On the histopathological study, angiomyofibroblastoma appears well defined and characterized by alternating hyper- and hypocellular edematous areas with abundant thin-walled blood vessels. The tumor cells are spindle-shaped and with fine chromatin and inconspicuous nucleoli. Mitotic figures are rare or absent [1].

Immunohistochemical profile of angiomyofibroblastoma is characterized by positive staining for estrogen and progesterone receptors: vimentine and desmin [5].

It is paramount to differentiate angiomyofibroblastoma from other more aggressive mesenchymal tumors such as cellular angiofibromas and angiomyxomas.

Presence of spindle cell lipomas in cellular angiofibroma and its negative staining for estrogen and progesterone receptors permit to distinguish it from angiomyofibroblastoma [1].

Differentiation between angiomyofibroblastoma and deep angiomyxoma could be more difficult because of their common characteristics as the age at presentation, location, clinical presentation and pathological findings. However, deep angiomyxoma is a malignant neoplasm with a high risk of recurrence. Histopathological study permits to distinguish between these two entities. Tumor cells in deep angiomyxoma are sparsely and diffusely distributed without the characteristic of alternating cellular areas and cells aggregation around vessels encountered in angiomyofibroblastoma. Angiomyofibroblastomas show less distinctive myxoïd degeneration than deep angiomyxomas. Immunohistochemical study is not contributory on the differential diagnostic. In fact, desmin expression was positive for some cases of deep angiomyxomas and often positive for hormonal receptors. Thus, differentiating between angiomyofibroblastoma and deep angiomyxoma is mostly based on the appearance of the tumor margins that are well demarcated in angiomyofibroblastomas [4].

The diagnosis of dedifferentiated liposarcoma should also be mentioned because of its usually retro-peritoneal location. It is a liposarcoma with a well-differentiated component juxtaposed with high grade nonlipogenic sarcoma areas. They can currently be diagnosed on the basis of MDM2 amplification even in the case of nonlipogenic undifferentiated sarcoma without any atypical adipocytic component [6].

Gastrointestinal stromal tumors (GISTs) may rarely present as a pelvic mass, leading to challenging diagnostic. Seventy percent of GISTs show spindle cell proliferation and must be taken into account in the differential diagnosis. However, CD117 is a specific marker for this tumor, positive in 95% of GISTs, allowing to make the diagnosis [7].

In perineum regions, a benign neoplasm of dendritic fibromyxolipoma should be differentiated from angiomyofibroblastoma. Histopathological and immunohistochemical findings permit easily the distinction between angiomyofibroblastoma and dendritic fibromyxolipoma. In fact, dendritic fibromyxolipoma tumor cells are small spindle or stellate cells variably associated with mature adipose tissue evolving within an abundant collagenized and myxoïd stroma. Immunohistochemical study shows a positive staining for CD34, vimentine and Bcl2 antibodies, and negative for desmin and smooth muscle actin [8].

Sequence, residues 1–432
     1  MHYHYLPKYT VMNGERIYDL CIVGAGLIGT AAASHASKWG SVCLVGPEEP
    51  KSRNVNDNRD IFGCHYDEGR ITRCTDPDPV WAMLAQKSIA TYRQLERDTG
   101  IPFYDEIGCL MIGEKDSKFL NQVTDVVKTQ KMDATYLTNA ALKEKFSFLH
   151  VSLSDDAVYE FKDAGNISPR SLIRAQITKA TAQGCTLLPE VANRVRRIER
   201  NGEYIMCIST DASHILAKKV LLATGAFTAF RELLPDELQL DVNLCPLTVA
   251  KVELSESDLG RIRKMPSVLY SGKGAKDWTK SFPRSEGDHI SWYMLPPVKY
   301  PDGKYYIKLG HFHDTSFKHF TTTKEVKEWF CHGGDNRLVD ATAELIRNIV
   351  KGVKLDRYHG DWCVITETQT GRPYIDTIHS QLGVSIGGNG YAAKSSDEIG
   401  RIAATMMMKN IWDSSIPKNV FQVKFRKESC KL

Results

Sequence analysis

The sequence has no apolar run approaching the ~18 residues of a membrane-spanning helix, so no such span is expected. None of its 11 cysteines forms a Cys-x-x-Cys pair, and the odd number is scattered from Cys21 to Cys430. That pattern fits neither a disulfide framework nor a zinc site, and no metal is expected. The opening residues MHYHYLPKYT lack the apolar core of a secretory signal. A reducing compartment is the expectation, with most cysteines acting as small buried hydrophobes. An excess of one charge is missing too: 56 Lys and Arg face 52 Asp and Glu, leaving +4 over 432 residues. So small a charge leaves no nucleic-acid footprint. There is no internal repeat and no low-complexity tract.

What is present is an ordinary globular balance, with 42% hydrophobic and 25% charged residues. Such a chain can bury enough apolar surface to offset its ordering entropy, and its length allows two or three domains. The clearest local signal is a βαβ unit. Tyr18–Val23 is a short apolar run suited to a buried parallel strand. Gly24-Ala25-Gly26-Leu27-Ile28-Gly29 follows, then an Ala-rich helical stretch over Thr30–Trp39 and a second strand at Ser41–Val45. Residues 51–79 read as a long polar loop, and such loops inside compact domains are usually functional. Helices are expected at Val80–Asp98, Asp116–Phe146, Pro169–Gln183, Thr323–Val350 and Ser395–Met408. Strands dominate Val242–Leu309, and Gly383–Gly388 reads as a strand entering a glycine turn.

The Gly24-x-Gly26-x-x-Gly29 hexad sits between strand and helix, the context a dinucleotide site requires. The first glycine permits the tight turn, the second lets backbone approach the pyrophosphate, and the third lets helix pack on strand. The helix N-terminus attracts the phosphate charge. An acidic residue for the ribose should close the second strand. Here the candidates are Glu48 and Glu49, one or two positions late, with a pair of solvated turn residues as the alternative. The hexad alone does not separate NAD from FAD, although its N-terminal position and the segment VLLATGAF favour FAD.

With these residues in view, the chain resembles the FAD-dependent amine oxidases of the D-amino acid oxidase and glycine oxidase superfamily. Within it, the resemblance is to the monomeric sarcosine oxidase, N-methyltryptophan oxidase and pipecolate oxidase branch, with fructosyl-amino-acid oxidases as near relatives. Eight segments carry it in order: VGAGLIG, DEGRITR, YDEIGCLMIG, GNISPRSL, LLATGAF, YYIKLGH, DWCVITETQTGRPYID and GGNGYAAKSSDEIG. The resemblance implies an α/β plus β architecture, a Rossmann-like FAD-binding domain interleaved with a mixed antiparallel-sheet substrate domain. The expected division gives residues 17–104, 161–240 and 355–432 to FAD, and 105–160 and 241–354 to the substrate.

Angiomyofibroblastoma therapeutic management consists on a curative complete surgical resection with no risk of recurrence or metastasis after the surgery [5].

CONCLUSION

Angiomyofibroblastoma is a tumor occurring with predilection in the perineal and pelvic region of women. It is rare but benign tumor that needs to be differentiated from other soft tissues tumors that may be more aggressive because of the differences in surgical treatment and clinical course.

CONFLICT OF INTEREST STATEMENT

This case report was approved by the Ethics Committee of Faculty of Medicine and Pharmacy Mohammed V University Rabat. Additional patient consent for this retrospective study was not required.

FUNDING

None.

References

1. 

Qiu P, Wang Z, Li Y, Cui G. Giant pelvic angiomyofibroblastoma: case report and literature review. Diagn Pathol2014;9:, pp.106.

2. 

Seo J-W, Lee K-A, Yoon N-R, Lee J-W, Kim B-G, Bae D-S. Angiomyofibroblastoma of the vulva. Obstet Gynecol Sci2013;56:, pp.349–51.

3. 

Menéndez-Sánchez P, Villarejo-Campos P, Padilla-Valverde D, Muñoz-Atienza V, González-López L, Martín-Fernández J. Angiomyofibroblastoma of the right ischiorectal fosa. Cir Cir2010;78:, pp.448–50.

4. 

Kulkarni A, Tinmaswala M, Shetkar S, Kondekar S. Angiomyofibroblastoma: imaging and histopathology of a rare benign mesenchymal tumor. Trop J Obstet Gynaecol2019;36:, pp.308.

5. 

Stewart C. Angiomyofibroblastoma of the vagina. Pathology (Phila)2009;41:, pp.199–200author reply 200-201.

6. 

Matthyssens LE, Creytens D, Ceelen WP. Retroperitoneal liposarcoma: current insights in diagnosis and treatment. Front Surg2015;2:, pp.4. doi: , doi: 10.3389/fsurg.2015.00004/full.

7. 

Hanayneh W, Starr J, George TJ, Parekh H. Extragastrointestinal stromal tumors of the pelvic cavity and the vagina: two case reports and review of the literature. Gynecol Oncol Rep2018;25:, pp.3–7.

8. 

Wong Y-P, Chia WK, Low SF, Mohamed-Haflah NH, Sharifah NA. Dendritic fibromyxolipoma: a variant of spindle cell lipoma with extensive myxoid change, with cytogenetic evidence. Pathol Int2014;64:, pp.346–51.

https://www.researchpad.co/tools/openurl?pubtype=article&doi=10.1093/jscr/rjaa051&title=Pelvic angiomyofibroblastoma: an unusual case report&author=Yasmine Laraqui Housseini,Hafsa Elouazzani,Laila Laraqui Housseini,Meriem Cherkaoui,Fouad Zouaidia,&keyword=&subject=AcademicSubjects/MED00910,Jscrep/060,Case Report,